Minimum Reflectivity

Description

Reflectivity in a near infrared (NIR) spectrum is a characteristic of the material of the object reflecting the light. It depends on its surface material, and the geometric configuration of the scene. The minimum reflectivity (minReflectivity) filter invalidates pixels with low amounts of received light (i.e., pixels on objects with a reflectivity below the minimum threshold). The reflectivity is computed from the distance and amplitude images. It can be used to discard unwanted pixels in scenes where an object’s reflectivity is known in advance. It can also be used to identify highly reflective objects in a scene; a threshold of 200 would invalidate everything but the retro-reflectors.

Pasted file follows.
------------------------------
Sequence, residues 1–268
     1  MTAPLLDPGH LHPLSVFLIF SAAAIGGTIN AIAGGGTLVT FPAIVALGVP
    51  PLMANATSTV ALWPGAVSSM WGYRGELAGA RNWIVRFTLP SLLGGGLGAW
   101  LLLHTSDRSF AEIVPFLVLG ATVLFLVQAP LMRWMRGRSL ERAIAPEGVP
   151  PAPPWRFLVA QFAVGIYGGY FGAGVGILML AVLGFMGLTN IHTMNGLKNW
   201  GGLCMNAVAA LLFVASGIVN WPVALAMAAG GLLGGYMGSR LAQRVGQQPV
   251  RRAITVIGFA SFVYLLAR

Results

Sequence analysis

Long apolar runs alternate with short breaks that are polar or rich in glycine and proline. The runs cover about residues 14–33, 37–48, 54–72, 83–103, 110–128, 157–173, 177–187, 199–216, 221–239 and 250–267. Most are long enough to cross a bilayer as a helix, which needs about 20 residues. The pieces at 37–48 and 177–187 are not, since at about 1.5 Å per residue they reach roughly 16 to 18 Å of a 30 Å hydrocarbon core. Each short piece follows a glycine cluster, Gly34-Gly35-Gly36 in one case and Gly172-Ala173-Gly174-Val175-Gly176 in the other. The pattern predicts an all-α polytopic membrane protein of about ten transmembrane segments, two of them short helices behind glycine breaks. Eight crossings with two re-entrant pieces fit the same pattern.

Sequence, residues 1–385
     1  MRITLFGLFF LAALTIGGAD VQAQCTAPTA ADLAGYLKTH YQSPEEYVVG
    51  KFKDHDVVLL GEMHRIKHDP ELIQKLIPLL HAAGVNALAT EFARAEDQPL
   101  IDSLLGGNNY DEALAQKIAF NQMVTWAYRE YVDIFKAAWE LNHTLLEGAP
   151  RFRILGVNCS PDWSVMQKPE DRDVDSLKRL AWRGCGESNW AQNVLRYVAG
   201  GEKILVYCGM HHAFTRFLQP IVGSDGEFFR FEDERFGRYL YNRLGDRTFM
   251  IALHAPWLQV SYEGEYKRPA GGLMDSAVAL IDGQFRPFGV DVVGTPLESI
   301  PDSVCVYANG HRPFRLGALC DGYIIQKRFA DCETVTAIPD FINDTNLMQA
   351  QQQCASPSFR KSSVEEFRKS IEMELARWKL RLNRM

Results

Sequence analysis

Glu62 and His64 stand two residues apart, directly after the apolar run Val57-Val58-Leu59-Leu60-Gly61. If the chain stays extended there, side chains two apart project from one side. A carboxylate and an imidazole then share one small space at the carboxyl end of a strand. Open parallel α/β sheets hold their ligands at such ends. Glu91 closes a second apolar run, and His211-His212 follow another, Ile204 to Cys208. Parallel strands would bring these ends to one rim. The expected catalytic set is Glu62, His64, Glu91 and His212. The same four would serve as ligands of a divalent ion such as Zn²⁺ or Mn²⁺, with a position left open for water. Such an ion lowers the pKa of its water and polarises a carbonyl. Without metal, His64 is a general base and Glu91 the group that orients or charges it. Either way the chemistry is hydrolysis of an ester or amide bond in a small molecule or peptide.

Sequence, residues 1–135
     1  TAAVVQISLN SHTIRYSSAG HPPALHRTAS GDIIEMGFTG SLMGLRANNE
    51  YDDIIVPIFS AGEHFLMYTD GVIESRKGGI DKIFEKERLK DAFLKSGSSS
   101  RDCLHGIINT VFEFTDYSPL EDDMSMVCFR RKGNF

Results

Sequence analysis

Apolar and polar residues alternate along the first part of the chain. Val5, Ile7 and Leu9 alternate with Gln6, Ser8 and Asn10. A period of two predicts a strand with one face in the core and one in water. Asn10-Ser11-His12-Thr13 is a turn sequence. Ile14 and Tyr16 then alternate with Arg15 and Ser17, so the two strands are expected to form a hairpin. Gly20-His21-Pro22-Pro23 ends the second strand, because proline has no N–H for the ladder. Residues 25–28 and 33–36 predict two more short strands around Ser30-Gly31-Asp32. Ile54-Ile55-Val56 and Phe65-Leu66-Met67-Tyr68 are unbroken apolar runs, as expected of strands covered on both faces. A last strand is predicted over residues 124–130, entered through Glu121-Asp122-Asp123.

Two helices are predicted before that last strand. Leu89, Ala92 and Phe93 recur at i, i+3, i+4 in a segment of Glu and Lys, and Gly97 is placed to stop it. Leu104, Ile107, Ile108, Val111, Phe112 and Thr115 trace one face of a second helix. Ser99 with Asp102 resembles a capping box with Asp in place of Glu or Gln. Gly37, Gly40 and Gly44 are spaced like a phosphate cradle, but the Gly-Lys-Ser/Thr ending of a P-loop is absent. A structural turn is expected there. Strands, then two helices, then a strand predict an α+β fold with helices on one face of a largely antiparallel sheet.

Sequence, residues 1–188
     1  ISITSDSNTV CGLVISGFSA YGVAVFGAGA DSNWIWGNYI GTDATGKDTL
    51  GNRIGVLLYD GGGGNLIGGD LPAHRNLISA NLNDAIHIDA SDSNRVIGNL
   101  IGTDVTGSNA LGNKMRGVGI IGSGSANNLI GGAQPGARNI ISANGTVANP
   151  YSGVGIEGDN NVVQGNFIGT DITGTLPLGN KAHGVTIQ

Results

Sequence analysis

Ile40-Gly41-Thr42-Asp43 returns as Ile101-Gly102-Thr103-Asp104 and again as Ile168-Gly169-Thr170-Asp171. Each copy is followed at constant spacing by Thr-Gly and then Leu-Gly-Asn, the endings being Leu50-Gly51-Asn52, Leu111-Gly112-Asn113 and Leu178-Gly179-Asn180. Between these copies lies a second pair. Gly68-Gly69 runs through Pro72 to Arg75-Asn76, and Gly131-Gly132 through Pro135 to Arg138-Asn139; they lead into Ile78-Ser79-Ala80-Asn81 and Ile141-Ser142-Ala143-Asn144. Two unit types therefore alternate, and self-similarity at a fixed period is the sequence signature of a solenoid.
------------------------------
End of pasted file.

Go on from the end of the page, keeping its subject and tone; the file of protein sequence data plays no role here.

Example

In the image below, we show objects with their measured reflectivity. In this case the reflectivity depends on the material of the object only because their surfaces are seen under the same angle relative to the surface’s normal. The estimated reflectivity might vary for the same object seen under varying angles to surfaces normals. Note that this pertains to reflectivity in the NIR spectrum. Some objects might show a higher or lower reflectivity than expected in the visible spectrum. Reflectivity RGB image

The corresponding reflectivity image is nothing more than a gray-scale image. Darker shades represent lower reflectivity values:

Reflectivity image

In the table below, we show the computed distance image for the default settings of the O3R heads with different values for the reflectivity threshold minReflectivity:

Reflectivity

Distance image

0

Reflectivity 0

5

Reflectivity 5

10

Reflectivity 10

Note: In the first image, some pixels are missing from the side of the object. This area of the object does not reflect enough light, even when a low reflectivity threshold is allowed.